• ITVI.USA
    15,489.220
    61.880
    0.4%
  • OTLT.USA
    2.882
    0.016
    0.6%
  • OTRI.USA
    20.830
    -0.090
    -0.4%
  • OTVI.USA
    15,457.420
    58.770
    0.4%
  • TSTOPVRPM.ATLPHL
    2.820
    -0.100
    -3.4%
  • TSTOPVRPM.CHIATL
    3.580
    -0.100
    -2.7%
  • TSTOPVRPM.DALLAX
    1.260
    -0.030
    -2.3%
  • TSTOPVRPM.LAXDAL
    3.650
    0.030
    0.8%
  • TSTOPVRPM.PHLCHI
    2.330
    -0.090
    -3.7%
  • TSTOPVRPM.LAXSEA
    4.020
    -0.150
    -3.6%
  • WAIT.USA
    127.000
    -1.000
    -0.8%
  • ITVI.USA
    15,489.220
    61.880
    0.4%
  • OTLT.USA
    2.882
    0.016
    0.6%
  • OTRI.USA
    20.830
    -0.090
    -0.4%
  • OTVI.USA
    15,457.420
    58.770
    0.4%
  • TSTOPVRPM.ATLPHL
    2.820
    -0.100
    -3.4%
  • TSTOPVRPM.CHIATL
    3.580
    -0.100
    -2.7%
  • TSTOPVRPM.DALLAX
    1.260
    -0.030
    -2.3%
  • TSTOPVRPM.LAXDAL
    3.650
    0.030
    0.8%
  • TSTOPVRPM.PHLCHI
    2.330
    -0.090
    -3.7%
  • TSTOPVRPM.LAXSEA
    4.020
    -0.150
    -3.6%
  • WAIT.USA
    127.000
    -1.000
    -0.8%
InsightsNewsWeather and Critical Events

Flood threats for Gulf Coast, Northwest this weekend

Flash flood watches from Louisiana to Florida, Washington to California

The remnants of Hurricane Nicholas, now a low-pressure system, will continue to drench portions of the Gulf Coast through this weekend.

Nicholas made landfall early Tuesday morning along the Texas coast as a Category 1 hurricane, knocking out power to hundreds of thousands of people and flooding portions of the state. Crews have gradually restored electricity, with fewer than 30,000 customers remaining offline as of early Friday morning.

Winds have weakened dramatically since landfall, but heavy rain and the threat for more flash flooding continue across the Deep South.

The system was centered in southwestern Louisiana early Friday morning and will stall over the region. Most of the rain will stay east of the center, but some rain could spread into the Tennessee and Ohio valleys over the next few days, as well as the Florida Peninsula.

An additional 1 to 3 inches could drench areas in southern parts of Louisiana, Mississippi and Alabama, as well as western Florida. This includes New Orleans and Baton Rouge, Louisiana; Biloxi, Gulfport and Pascagoula, Mississippi; Mobile, Alabama; as well as Pensacola, Panama City and Apalachicola, Florida. There could be isolated pockets of up to 6 inches, and flash flood watches from the National Weather Service remain in effect as late as Saturday evening for some of these areas.

These impacts will lead to more temporary delays in freight flows along the Interstate 10 corridor. While long-term widespread flooding is unlikely — it won’t be raining all day and night — heavy rain and flash flooding will come in waves and may result in periodic ramp and road closures. Additionally, onshore and offshore energy operations in the region could be disrupted from time to time. 

Major lanes of concern

• Interstate 10 from Baton Rouge to Marianna, Florida.
• Interstate 12 from Baton Rouge to Slidell, Louisiana.
• Interstate 55 from McComb, Mississippi, to New Orleans.
• Interstate 59 from Poplarville, Mississippi, to New Orleans.
• Interstate 65 from Mobile to Barnett Crossroads, Alabama.
• U.S. Highway 90 from east of Morgan City, Louisiana, to Chattahoochee, Florida.
• U.S. Highway 98 from west of Apalachicola to south of Hattiesburg.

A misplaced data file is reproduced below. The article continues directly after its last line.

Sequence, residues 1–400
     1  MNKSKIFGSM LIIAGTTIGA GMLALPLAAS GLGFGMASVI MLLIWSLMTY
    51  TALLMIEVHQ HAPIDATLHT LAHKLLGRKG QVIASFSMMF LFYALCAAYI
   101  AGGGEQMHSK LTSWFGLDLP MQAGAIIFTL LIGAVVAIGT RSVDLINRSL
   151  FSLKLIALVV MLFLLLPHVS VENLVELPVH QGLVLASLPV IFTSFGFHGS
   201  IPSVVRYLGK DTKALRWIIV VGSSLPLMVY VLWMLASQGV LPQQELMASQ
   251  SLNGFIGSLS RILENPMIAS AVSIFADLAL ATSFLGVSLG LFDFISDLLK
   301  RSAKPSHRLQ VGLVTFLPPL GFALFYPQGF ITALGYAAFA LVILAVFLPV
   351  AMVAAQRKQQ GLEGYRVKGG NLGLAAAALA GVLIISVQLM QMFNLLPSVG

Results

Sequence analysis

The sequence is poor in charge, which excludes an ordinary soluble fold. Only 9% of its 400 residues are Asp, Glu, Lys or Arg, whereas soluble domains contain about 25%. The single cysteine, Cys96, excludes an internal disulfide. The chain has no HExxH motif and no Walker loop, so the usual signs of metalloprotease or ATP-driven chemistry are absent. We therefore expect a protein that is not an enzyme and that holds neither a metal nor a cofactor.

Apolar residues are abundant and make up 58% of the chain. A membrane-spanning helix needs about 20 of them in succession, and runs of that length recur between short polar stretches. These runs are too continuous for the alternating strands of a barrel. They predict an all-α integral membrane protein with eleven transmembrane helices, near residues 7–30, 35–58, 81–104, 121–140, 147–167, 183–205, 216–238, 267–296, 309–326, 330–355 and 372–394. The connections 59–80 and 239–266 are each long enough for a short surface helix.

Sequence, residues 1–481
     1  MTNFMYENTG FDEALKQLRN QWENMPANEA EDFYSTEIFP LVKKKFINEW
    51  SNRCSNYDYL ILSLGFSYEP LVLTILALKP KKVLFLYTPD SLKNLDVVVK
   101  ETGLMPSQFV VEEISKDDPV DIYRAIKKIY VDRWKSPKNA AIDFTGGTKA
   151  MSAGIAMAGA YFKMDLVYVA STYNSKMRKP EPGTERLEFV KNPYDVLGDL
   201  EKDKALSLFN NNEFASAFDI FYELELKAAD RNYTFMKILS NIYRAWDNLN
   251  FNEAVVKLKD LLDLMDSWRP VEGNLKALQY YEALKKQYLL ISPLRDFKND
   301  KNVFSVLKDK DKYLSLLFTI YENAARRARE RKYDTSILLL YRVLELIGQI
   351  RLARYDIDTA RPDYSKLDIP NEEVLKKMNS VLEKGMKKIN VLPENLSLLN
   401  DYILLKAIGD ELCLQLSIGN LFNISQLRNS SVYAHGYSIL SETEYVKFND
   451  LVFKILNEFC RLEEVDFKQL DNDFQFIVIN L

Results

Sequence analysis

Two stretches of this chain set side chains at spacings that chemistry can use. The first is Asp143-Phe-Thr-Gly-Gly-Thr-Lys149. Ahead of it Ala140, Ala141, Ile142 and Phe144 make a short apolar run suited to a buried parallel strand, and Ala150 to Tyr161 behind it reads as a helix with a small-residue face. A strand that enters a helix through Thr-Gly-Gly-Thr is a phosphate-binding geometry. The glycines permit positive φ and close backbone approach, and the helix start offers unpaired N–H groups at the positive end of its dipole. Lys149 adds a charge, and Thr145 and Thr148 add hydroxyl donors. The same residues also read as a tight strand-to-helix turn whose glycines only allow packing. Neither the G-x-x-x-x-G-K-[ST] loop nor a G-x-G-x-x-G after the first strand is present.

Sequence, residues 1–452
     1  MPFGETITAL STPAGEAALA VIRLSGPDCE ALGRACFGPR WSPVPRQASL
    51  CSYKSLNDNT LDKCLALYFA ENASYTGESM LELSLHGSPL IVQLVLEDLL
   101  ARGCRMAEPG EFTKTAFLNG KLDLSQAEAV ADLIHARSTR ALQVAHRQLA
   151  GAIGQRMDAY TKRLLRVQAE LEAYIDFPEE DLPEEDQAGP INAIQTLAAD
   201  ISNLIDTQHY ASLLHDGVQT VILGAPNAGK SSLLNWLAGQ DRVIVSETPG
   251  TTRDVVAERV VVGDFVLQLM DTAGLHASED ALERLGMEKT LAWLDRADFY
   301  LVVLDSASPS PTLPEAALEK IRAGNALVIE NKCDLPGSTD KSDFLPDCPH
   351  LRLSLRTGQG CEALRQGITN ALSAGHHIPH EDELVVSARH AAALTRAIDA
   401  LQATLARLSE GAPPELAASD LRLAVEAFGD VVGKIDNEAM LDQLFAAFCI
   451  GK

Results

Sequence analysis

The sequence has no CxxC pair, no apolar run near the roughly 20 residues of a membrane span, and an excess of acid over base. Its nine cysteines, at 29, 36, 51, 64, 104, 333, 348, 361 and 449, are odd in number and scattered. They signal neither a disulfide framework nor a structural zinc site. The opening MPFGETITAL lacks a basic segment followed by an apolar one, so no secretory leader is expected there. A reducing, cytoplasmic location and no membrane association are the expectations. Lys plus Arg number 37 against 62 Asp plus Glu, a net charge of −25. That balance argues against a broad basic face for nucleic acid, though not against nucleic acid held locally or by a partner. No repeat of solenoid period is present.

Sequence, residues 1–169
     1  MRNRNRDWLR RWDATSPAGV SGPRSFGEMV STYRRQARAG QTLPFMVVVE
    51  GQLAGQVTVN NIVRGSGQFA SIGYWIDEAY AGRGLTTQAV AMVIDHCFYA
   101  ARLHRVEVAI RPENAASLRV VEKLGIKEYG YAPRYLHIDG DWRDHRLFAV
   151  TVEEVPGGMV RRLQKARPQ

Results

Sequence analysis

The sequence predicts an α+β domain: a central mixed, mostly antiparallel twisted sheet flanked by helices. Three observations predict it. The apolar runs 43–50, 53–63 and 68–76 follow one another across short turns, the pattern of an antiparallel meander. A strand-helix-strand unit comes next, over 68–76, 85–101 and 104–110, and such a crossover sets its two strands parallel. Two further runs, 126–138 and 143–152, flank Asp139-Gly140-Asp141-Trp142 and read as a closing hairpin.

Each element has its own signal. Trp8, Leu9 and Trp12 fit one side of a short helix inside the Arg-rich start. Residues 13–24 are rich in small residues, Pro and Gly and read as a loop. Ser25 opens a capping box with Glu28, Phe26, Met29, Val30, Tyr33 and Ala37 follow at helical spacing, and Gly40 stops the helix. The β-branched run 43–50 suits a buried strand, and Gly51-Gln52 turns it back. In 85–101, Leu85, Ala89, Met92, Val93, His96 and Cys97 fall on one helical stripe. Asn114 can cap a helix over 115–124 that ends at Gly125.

(Map: FreightWaves SONAR Critical Events and radar, Sep. 17, 2021, 8 a.m. ET. To learn more about FreightWaves SONAR, click here.)

A frontal system will enter the Northwest Friday, spreading needed rainfall across the region through the weekend.

The heaviest rain will soak places from the Cascades westward to the coast, including the Seattle and Portland metropolitan areas, as well as far northern California. Wet weather will also stretch into the northern Rockies, where rain may mix with or change to snow Sunday. Rain totals exceeding 4 inches are possible, leading to potential road localized flash flooding, debris flows and road closures.

This would be the first significant rain for the region since the spring. The NWS has issued flash flood watches for portions of north-central Washington and far northern California, impacting U.S. Highway 97 in both regions.

Other notable weekend weather

Look for strong winds Saturday across a large section of Montana. The risk of rollovers will be high, especially for drivers deadheading (pulling empty trailers). Gusts up to 65 mph could hit places like Bozeman Pass, Bozeman, Rogers Pass, West Yellowstone, Marias Pass, Targhee Pass, Helena, Choteau, Logan Pass, Boulder, Great Falls, Bynum, Browning, Heart Butte and Cut Bank. Gusts up to 75 mph are possible along the Rocky Mountain Front.

Major lane of concern

• Interstate 15 from Great Falls to Butte.

Click here for more FreightWaves articles by Nick Austin.

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Nick Austin, Director of Weather Analytics and Senior Meteorologist

In his nearly 20 years of weather forecasting experience, Nick worked on air at WBBJ-TV and WRCB-TV, including time spent doing weather analysis and field reporting. He received his Bachelor of Science in Meteorology from Florida State University as well as a Bachelor of Science in Management from Georgia Institute of Technology. Nick is also a member of the American Meteorological Society and National Weather Association. As a member of the weather team at WBBJ-TV in Jackson, Tennessee, Nick was nominated for a Mid-South Emmy for live coverage of a major tornado outbreak in 2008. As part of the weather team at WRCB-TV in Chattanooga, Tennessee, Nick shared the Chattanooga Times-Free Press Best of the Best award for “Best Weather Team” for eight consecutive years. Nick earned his National Weather Association Broadcasting Seal in 2005.

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